Day two: Getting up early and checking the wind seemed useless.  I could hear the whistling rigging from the berth. The boat felt simi-calm, meaning the wind was over powering he tides and she was riding out the waves instead of rocking from side to side. Our anchor was set and all was good.  Around 10am or so the other boat worked very hard to get their anchors up and by now probably need marriage counseling. I watched that 32 foot sailboat leave Nixon Harbor and know that by now they just need a divorce attorney. By the time they left the seas at the entrance were 6 foot! The whole top of the waves coming from a 35 knot SW wind was just gliding into the bay. It was not a good place to be. The option of being pounded by the SW growing 35 knot winds and waves sounded worse as once we were out of this bay we had to enter between the Bimini Islands and not get beached there. I sat there for what seemed like hours (minutes) on the bow watching the waves run under Gemini Dreams. I kept thinking that she was going to bottom out in the sand as it was hard to tell if there was enough water still under he keel. Checking the Lowrance she was going from 1.7 feet to 7 feet as the waves rode underneath I finally gave up and went below saturated with stress. About 30 minutes into some Tv show I did my glance at the Lowrance and we were dragging. I was quickly on deck assessing the situation and we were sideways with the waves. The lunch hook had popped off the bow cleat and was holding strongly but quickly pulling us stern to! I tied a bumper to the end and quickly untied it from the stern, over she went! Then Gemini Dreams settled in bow to as she hooked in. With now over 40 knots there was no way to row an injured dinghy to set another anchor out, and I am not that suicidal. I tossed it as far as I could and hoped for the best if it was needed. After all it's little brother did the job the day before.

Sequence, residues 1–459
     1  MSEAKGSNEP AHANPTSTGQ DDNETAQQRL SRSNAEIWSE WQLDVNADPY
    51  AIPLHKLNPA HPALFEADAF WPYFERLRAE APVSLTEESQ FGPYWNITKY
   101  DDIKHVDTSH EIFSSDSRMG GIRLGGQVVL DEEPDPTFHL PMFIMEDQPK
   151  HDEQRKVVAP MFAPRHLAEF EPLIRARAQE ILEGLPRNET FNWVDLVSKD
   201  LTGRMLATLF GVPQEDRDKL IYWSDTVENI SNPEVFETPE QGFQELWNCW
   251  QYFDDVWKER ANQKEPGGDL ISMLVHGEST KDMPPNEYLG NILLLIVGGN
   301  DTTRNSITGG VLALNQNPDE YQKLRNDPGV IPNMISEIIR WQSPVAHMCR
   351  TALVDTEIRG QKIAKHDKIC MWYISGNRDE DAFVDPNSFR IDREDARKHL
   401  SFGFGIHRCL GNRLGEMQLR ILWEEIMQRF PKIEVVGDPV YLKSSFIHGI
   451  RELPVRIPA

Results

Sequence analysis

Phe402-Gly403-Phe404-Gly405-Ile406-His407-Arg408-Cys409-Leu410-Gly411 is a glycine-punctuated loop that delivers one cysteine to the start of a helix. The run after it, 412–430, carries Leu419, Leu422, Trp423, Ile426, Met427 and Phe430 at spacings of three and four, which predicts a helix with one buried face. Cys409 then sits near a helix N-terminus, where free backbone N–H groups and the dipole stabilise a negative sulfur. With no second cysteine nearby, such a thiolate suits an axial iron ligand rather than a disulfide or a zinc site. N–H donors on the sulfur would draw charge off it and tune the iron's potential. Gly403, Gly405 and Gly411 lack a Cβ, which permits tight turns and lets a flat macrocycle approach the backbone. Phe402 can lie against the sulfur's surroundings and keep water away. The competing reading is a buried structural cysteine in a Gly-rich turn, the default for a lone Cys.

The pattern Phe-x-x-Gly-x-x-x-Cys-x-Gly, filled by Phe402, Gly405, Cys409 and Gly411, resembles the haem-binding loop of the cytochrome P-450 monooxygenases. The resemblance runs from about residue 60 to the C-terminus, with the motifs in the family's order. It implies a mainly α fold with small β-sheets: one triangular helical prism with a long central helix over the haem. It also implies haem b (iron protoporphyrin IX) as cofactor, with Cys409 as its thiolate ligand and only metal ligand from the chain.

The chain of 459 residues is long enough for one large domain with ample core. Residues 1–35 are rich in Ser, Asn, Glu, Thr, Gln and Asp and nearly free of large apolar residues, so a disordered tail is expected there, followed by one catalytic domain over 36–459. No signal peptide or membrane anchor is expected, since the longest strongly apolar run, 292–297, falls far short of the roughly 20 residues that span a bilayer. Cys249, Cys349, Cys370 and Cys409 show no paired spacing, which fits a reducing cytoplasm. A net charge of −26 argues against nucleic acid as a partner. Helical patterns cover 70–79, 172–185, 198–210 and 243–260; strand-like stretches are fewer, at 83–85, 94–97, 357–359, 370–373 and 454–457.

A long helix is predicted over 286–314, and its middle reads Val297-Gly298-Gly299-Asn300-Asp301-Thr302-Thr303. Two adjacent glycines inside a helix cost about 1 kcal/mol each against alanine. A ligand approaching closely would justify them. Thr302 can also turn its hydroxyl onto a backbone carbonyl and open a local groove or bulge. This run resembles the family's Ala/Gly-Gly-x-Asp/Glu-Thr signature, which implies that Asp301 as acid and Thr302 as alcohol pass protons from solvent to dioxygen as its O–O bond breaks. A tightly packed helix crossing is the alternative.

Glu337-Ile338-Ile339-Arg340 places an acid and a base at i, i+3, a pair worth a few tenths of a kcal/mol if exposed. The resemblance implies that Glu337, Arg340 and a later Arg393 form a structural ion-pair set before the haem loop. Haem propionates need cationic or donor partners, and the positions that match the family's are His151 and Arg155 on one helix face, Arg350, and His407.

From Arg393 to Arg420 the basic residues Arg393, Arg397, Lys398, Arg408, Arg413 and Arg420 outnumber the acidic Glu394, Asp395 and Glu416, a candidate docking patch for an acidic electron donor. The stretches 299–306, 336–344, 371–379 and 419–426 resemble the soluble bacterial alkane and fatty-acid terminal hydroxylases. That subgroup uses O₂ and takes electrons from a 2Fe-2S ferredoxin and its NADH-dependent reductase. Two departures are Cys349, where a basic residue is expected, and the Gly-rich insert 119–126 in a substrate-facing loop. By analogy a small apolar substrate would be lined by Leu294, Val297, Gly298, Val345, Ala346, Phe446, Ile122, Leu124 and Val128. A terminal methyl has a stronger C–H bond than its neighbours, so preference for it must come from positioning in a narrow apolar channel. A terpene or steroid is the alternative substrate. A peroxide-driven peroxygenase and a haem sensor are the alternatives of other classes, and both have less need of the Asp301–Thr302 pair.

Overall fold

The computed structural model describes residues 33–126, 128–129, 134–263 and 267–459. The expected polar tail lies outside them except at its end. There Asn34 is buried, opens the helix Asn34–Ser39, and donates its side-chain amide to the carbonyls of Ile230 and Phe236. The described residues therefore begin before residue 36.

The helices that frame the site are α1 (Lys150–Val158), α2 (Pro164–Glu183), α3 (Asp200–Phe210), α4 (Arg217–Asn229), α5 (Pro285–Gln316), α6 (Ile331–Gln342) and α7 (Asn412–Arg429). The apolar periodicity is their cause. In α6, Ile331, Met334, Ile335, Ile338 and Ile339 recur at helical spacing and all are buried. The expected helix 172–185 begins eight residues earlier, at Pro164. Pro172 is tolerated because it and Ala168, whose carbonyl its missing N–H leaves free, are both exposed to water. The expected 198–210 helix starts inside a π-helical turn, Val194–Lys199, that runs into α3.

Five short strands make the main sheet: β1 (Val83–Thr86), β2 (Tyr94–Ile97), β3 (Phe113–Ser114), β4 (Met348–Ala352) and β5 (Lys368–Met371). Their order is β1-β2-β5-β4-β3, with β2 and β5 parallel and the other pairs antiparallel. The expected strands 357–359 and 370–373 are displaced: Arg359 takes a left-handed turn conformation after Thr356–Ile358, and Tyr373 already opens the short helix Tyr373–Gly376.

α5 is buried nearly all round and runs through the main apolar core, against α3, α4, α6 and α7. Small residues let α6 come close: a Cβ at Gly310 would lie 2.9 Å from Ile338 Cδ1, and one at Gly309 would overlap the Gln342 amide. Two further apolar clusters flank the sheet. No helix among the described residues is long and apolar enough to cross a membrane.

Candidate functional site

About 30 minutes later at the peak of the wind storm, BANG! I thought someone crashed into us or we hit the poles sticking up out of the water. It was a big bang, The chart plotter showed us still in the same position. Up I went with flash light in hand, NO OTHER BOAT, THE POST FOREST WAS WAY OVER THERE, WTF! It appeared after checking the foredeck that we were broadside as we slid down a wave and when we were tossed by the next one the anchor was so tightly embedded that the starboard pinch cleat was ripped completely off and the guard on the anchor roller was knotted up. I verified the lines were in good shape and we kept riding the storm. It was a long night!

 3/4 line chaffed through during the blow

Missing Cleat and bent (somewhat straightened now) roller guide